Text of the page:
One of my readers has been playing in the same weekly poker game for more than 10 years - "same guys, same place, same middling stakes," he writes - but these days it isn't the same. One of his poker buddies is showing signs of mental confusion, and his game has deteriorated.
"It was never good," my reader writes, asking that his name not be used to protect "the sanctity of the table." "Now it's worse."
The other player is losing money every week, a couple of hundred dollars each time.
"When I suggested to the guy who runs the game, an old friend of his, that perhaps we shouldn't be playing with him," my reader reports, "I was told that he enjoyed the game and who was I, or anyone, to deprive him of that?"
The whole thing makes my reader queasy, but he doesn't want to give up the game, which he also enjoys.
"So what's the ethical thing to do?," he asks.
It can be harrowing, of course, to watch a friend's mental health deteriorate. My reader's plight is compounded by the fact that he may be taking advantage of his friend's diminished faculties at the poker table. It's one thing to realize that a friend can't think as sharply as before, quite another to be pocketing a few bucks as a result.
Given the hand he's been dealt, my reader did the right thing by expressing his concerns to the game organizer, especially since he's an old friend of the player in question. When faced with a tough ethical choice, it's usually a good idea to consult with others who might be closer to the situation or who might be able to suggest alternative ways to respond.
But now that the organizer has made clear that he has no plans to cut off his weakened friend, my reader has a new choice to make. Should he continue on in the game, knowing that he might win a hand or two at the expense of a guy who's no longer at his best, or should he walk away?
So long as the aging player is aware enough of his surroundings to understand that he's losing consistently, there's no obligation for my reader to protect him. If he chooses to continue to play in a game in which he's no longer able to compete, that's his decision.
Therefore, at the moment, the question is simply one of my reader's feelings: Does the joy he gets from playing with his longtime poker buddies outweigh the uneasiness he feels about one player's situation? If the answer is yes, he should continue to play with a clear conscience. If the answer is no, he should withdraw from the game, also with a clear conscience.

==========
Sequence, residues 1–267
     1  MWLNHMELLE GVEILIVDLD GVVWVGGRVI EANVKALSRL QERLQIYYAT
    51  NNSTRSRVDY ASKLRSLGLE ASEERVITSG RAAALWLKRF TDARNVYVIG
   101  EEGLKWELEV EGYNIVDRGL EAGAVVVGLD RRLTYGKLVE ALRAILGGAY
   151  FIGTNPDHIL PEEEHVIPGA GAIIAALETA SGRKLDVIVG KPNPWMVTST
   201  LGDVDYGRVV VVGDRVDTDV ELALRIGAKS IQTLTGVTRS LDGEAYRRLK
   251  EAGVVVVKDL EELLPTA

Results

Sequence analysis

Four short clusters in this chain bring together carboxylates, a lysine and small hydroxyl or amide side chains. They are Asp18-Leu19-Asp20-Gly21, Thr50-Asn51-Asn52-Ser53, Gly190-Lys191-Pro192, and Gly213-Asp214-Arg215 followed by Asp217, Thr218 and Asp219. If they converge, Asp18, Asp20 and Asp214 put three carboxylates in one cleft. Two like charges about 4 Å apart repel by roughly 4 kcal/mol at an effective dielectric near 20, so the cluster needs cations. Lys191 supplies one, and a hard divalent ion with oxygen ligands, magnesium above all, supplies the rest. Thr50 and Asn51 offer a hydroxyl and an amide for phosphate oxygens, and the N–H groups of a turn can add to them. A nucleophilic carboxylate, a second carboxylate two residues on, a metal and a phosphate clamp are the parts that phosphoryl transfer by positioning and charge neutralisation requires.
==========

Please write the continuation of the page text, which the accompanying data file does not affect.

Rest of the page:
Even if he continues in the game, however, this isn't a one-time decision. If the other player's capabilities continue to deteriorate, at some point my reader may want to reopen the issue with the game's host or to talk to some of the other players to get their sense of whether it's time to cut the fellow off.
For now, my reader reports, he has decided that, having spoken his piece, he will continue playing because the game brings joy to him and apparently also to his struggling friend.
In fact, shortly after our initial e-mail exchange, I heard from my reader again.
"Last night," he wrote, "my `diminished' player went on an insane rush - full houses, flushes, trips and quads falling into his fist with astounding regularity - and he won a couple of hundred bucks. Sure, he called his full houses `straights' and he gibbered, but he still won."
As it turns out, a good chunk of his winnings came from my friend's pocket.
"Sharp old me managed to lose about $160," he writes. "But that's poker."
c.2009 The New York Times Syndicate (Distributed by The New York Times Syndicate)
I'm bewildered that you posed the writer's problem as an either/or -- win at the expense of the weakened player or walk away from the game altogether. This is not only a false dilemma, but neither of these options compassionately addresses the more important underlying problem. That problem is that a friend is suffering from diminished faculties and he may not be aware of it. He may attribute his losses at poker to simple bad luck. As the writer says, "That's poker."
The player's friends who see his deterioration owe it to him to bring their concerns to his attention so that, if he is not already aware, he has the opportunity to make his own choices, not only about staying in the poker game, but about the more fundamental life issues such as seeking treatment, discussing the problem with his family, and so on.
Of course, anyone who approaches the man about his deteriorating condition risks giving offense. Feelings may be hurt and relationships severed, but isn't that a risk worth taking if doing so has the potential to help the man deal with a serious problem whose severity he may not realize and of which his losses at poker may be only a minor consequence compared to others?
The writer needs to summon up the courage to approach the man directly and discreetly. If the man is already aware of his condition, he will probably respond by assuring the writer of his awareness and thanking him for his concern. If he is not aware of the condition, he may thank the writer or may angrily dismiss him, but either way the man will have been given a chance to recognize and deal with his problem. That is far more important than a poker game.
I thoroughly second Sean's comments but there is another option. If your writer and/or his friends enjoy this guy's company and the game but feel that they are taking advantage of their friend who also appears to be enjoying the game, couldn't the writer and/or his friends give back some of what they see as 'ill-gotten gains', that is if their friend will take it.
Consider that your friend gets entertainment value out of this also and that may well be worth the losses, even if he is at a disadvantage... and of course he may well win sometimes.
Post a Comment